Molecular fingerprints pg. 4
Different parts of the body have different populations of proteins. They change, too, in response to environmental influences, like the digestion of a piece of cherry pie—or even the time of day. “Your proteins won’t be the same tonight as they are now,” says Richard Caprioli, Ph.D., director of the Mass Spectrometry Research Center at Vanderbilt.
Proteins aren’t lone wolves, either. They act and react as part of intricate networks and pathways that transmit signals to and from the DNA, across the cell membrane and through the blood to distant parts of the body. Thus, proteins have been called “molecular machines,” at work in cellular “factories.”
Just as proteins carry out many of the functions necessary for life, they also are at the root of many diseases. A form of diabetes, for example, results from an inadequate supply of insulin.
A change in a single amino acid in the oxygen-transporting hemoglobin molecule alters the protein’s three-dimensional shape, and results in sickle-cell anemia. Red blood cells with the abnormal protein are misshapen (sickle-shaped), break apart and block small blood vessels, causing pain and low blood count (anemia).
Too much protein also can be a problem. Elevated levels of the receptor for epidermal growth factor, for example, has been linked to a variety of cancers.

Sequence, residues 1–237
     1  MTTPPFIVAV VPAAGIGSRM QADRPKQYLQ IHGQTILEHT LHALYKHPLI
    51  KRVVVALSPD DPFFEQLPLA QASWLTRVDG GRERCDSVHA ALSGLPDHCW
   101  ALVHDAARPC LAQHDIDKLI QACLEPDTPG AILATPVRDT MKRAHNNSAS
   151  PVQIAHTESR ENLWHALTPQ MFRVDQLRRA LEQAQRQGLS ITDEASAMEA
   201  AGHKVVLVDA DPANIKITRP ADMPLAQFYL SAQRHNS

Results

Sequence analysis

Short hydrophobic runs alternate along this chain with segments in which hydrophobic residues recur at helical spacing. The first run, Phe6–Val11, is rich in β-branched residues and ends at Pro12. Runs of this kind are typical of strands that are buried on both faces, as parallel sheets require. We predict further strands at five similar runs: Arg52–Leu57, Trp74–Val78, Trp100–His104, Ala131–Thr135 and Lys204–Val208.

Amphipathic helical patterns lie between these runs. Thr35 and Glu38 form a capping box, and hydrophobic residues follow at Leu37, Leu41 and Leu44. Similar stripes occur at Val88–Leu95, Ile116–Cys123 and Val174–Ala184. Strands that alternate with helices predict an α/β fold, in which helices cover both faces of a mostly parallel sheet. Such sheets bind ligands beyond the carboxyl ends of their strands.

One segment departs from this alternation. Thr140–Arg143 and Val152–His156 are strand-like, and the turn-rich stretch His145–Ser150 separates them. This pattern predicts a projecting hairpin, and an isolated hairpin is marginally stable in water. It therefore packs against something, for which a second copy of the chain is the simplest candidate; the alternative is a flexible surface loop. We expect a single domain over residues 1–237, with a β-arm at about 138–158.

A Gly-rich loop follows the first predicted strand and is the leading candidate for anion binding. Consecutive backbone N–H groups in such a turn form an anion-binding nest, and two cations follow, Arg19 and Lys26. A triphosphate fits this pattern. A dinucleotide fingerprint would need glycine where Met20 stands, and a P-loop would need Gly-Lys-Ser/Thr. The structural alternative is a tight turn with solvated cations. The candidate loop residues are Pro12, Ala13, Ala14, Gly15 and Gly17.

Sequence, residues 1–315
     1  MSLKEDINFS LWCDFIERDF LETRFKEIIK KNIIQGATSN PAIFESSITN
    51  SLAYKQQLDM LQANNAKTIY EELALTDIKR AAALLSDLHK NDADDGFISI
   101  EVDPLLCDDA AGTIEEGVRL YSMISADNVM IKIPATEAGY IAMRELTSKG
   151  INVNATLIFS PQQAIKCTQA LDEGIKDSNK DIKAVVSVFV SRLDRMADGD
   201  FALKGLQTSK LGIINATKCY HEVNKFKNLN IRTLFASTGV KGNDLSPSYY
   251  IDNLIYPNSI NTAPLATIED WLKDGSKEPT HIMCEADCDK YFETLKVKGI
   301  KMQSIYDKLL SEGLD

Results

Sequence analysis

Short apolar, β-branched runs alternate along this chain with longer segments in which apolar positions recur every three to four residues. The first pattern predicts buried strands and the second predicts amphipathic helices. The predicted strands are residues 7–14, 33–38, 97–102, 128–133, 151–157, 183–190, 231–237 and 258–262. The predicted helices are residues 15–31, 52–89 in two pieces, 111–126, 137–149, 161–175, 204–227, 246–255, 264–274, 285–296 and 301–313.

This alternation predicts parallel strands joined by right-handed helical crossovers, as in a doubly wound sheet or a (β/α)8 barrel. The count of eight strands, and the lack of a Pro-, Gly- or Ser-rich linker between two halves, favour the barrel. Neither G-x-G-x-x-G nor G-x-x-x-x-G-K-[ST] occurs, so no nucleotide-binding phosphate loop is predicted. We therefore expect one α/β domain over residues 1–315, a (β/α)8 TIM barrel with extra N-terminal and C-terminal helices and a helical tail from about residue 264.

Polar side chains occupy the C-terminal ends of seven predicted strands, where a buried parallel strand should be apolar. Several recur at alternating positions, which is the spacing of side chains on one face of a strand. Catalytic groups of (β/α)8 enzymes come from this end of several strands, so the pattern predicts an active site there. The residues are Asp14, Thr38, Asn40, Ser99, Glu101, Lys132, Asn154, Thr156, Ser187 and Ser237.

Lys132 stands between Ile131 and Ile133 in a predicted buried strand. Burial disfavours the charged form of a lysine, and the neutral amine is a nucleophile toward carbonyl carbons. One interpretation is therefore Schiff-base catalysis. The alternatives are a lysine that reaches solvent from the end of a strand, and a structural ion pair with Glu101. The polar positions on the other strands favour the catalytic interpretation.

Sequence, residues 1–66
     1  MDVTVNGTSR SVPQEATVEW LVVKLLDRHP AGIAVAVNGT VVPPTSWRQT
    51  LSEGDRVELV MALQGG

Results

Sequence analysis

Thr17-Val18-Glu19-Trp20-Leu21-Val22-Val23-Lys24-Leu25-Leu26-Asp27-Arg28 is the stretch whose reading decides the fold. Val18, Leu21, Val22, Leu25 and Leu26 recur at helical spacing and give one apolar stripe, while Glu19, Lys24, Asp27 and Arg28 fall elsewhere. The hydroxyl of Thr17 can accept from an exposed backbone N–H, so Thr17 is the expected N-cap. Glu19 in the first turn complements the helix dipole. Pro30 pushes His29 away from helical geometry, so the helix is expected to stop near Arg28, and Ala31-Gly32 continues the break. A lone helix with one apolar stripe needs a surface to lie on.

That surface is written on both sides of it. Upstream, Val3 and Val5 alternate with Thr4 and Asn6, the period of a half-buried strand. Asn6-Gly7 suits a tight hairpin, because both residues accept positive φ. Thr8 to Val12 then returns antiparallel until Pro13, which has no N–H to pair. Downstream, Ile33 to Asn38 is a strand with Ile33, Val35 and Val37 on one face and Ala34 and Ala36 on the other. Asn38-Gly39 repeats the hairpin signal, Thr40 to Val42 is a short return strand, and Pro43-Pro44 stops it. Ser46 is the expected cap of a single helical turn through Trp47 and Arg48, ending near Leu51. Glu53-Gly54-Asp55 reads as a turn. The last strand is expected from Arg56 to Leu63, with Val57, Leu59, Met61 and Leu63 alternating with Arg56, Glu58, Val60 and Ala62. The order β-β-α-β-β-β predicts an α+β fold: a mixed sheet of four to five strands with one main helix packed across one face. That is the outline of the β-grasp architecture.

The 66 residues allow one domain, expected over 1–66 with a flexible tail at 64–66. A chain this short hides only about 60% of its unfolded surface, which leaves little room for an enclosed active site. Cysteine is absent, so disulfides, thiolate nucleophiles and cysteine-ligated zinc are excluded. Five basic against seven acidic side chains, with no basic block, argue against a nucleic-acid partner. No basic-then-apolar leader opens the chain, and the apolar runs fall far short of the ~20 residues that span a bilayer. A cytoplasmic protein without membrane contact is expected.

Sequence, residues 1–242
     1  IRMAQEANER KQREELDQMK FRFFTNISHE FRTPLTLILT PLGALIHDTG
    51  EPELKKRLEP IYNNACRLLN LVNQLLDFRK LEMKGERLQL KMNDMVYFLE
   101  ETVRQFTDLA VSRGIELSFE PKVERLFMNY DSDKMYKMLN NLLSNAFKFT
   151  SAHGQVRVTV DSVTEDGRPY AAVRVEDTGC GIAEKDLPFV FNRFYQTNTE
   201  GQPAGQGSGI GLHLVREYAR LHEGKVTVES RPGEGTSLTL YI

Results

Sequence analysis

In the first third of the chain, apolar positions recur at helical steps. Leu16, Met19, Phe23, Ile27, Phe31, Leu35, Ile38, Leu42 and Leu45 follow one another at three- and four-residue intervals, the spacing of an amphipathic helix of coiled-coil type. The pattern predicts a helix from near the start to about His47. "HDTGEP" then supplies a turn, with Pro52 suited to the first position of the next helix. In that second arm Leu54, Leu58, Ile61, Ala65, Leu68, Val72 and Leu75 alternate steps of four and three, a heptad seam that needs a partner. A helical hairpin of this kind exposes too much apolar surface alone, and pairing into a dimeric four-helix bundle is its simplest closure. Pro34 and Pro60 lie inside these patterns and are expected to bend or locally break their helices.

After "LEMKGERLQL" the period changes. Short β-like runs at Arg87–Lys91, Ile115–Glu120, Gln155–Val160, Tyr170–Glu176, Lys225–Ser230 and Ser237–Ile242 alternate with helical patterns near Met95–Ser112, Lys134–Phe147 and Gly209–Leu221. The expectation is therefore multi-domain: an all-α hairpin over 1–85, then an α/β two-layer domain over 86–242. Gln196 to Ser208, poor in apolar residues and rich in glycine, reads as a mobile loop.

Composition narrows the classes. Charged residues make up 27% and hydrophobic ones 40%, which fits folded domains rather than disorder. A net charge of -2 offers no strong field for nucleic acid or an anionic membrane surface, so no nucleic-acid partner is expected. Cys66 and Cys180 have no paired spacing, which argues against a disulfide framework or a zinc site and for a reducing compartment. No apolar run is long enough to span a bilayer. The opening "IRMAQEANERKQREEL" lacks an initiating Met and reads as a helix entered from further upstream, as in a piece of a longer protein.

This connection between proteins and cancer, in particular, is driving a new growth industry in proteomics. Much of the effort is aimed at developing new drugs targeting specific proteins. But the search for new diagnostics is equally intense. That’s because some diseases, including some forms of cancer, typically escape notice until they are in an advanced, hard-to-treat stage.
Currently cancer is diagnosed through a variety of techniques, both non-invasive (ultrasound, X-rays, CAT scans, etc.) and invasive (primarily surgery). There are a few blood tests for cancer, which detect cancer-related antigens (proteins that bind with antibodies), but these are far from definitive.
For example, prostate cancer is associated with increased levels of prostate-specific antigen (PSA), but PSA levels also rise in response to exercise, infection and certain medications. Levels of cancer antigen 125, a screening tool for ovarian cancer, are abnormally high only about half the time in early disease.
Several years ago, researchers at the U.S. Food and Drug Administration and National Cancer Institute joined forces in an attempt to improve early detection of cancer, determine in advance which treatments are likely to be most successful in individual patients and, ultimately, to develop new “targeted” therapies that effectively stop cancer growth without harming normal tissue.
“Certainly cancer is underpinned by genomic disorders but functionally it’s a proteomic disease,” says Emanuel Petricoin, Ph.D., the project’s lead FDA researcher. “Effectively it’s the rewiring and miswiring of the protein circuits, the signal pathways, that cause cells to grow and not die.”
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